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Going with the flow or against the grain? The promise of vegetation for protecting beaches, dunes, and barrier islands from erosion
Coastlines have traditionally been engineered to maintain structural stability and to protect property from storm-related damage, but their ability to endure will be challenged over the next century.Expand
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Application of hyperspectral vegetation indices to detect variations in high leaf area index temperate shrub thicket canopies
Abstract Accurate measurement of leaf area index (LAI), an important characteristic of plant canopies directly linked to primary production, is essential for monitoring changes in ecosystem C stocksExpand
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Crossing Scales: The Complexity of Barrier-Island Processes for Predicting Future Change
Barrier islands are heavily influenced by external drivers such as sea-level rise, storm-related disturbances, and other complex factors that affect net sediment exchange. Numerous ecologicalExpand
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Woody vegetative cover dynamics in response to recent climate change on an Atlantic coast barrier island: a remote sensing approach
Considering impacts of predicted increases in sea-level, storms, and alterations in precipitation patterns on geomorphological and associated ecological processes, woody vegetation dynamics may serveExpand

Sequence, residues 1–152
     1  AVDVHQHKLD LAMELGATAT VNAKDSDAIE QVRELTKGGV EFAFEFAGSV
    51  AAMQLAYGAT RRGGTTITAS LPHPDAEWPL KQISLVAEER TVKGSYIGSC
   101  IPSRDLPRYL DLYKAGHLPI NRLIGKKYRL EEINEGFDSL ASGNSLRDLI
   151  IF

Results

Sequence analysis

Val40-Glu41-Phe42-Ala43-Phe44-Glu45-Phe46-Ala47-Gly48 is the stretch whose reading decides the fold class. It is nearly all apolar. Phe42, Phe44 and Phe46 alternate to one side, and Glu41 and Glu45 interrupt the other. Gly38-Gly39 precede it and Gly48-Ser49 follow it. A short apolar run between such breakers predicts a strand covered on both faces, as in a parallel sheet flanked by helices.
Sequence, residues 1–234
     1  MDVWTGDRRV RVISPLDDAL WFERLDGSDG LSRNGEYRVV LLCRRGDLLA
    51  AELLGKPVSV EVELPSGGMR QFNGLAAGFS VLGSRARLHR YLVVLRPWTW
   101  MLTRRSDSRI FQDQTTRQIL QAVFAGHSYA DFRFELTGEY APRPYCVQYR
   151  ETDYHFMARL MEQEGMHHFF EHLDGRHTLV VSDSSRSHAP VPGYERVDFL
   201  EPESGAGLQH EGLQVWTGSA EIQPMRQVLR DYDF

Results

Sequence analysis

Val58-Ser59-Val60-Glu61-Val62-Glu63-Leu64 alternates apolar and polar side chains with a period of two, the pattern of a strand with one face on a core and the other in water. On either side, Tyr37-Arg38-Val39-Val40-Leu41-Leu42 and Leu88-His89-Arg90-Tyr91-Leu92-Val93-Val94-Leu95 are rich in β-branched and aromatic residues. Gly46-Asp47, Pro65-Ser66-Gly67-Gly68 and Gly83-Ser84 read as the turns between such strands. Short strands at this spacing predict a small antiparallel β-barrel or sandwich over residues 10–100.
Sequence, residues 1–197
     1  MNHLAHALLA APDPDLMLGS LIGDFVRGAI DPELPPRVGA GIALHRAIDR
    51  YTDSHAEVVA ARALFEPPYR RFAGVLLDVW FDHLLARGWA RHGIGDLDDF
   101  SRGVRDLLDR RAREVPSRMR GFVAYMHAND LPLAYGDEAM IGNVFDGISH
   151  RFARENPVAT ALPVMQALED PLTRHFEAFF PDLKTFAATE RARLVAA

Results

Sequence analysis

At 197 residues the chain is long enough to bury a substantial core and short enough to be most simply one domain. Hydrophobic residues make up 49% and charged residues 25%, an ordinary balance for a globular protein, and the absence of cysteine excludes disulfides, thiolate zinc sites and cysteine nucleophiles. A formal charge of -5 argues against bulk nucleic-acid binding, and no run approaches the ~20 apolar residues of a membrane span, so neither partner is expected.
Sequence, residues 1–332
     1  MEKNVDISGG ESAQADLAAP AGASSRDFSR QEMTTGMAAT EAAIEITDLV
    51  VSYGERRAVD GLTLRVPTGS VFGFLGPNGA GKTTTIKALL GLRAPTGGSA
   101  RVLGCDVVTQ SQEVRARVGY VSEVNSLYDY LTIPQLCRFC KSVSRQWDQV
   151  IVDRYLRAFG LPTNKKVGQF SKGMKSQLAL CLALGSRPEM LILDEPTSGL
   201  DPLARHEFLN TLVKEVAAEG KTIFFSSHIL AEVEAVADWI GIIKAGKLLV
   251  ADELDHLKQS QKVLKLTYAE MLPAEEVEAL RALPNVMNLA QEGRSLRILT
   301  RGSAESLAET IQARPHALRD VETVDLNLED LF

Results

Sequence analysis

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Spatial–Temporal Dynamics in Barrier Island Upland Vegetation: The Overlooked Coastal Landscape
AbstractBarrier islands provide the first line of defense against storms for millions of people living in coastal areas. Upland vegetation (that is, grassland, shrubland, and maritime forest) hasExpand
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Landscape position and habitat polygons in a dynamic coastal environment
In contrast to stable inland systems, coastal landscape positions are dynamic, changing as shorelines migrate and storms alter topography. We define landscape position by distance to ocean shorelineExpand
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NDVI as an indicator for changes in water availability to woody vegetation
Abstract Barrier islands shrub thickets, the dominant woody community of many Atlantic coast barrier islands, are very sensitive to changes in the freshwater lens and thus, constitute a strongExpand
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Physiological and transcriptional responses of Baccharis halimifolia to the explosive “composition B” (RDX/TNT) in amended soil
Unexploded explosives that include royal demolition explosive (RDX) and trinitrotoluene (TNT) cause environmental concerns for surrounding ecosystems. Baccharis halimifolia is a plant species in theExpand
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Impacts of explosive compounds on vegetation: A need for community scale investigations.
Explosive compounds are distributed heterogeneously across the globe as a result of over a century of human industrial and military activity. RDX (hexahydro-1,3,5-trinitro-1,3,5-triazine) and TNTExpand
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Plants as Phytosensors: Physiological Responses of a Woody Plant in Response to RDX Exposure and Potential for Remote Detection
  • J. Zinnert
  • Biology
  • International Journal of Plant Sciences
  • 29 October 2012
Using plants as phytosensors could allow for large-scale detection of explosives and other anthropogenic contamination. Quantifying physiological, photosynthetic, and hyperspectral responses ofExpand
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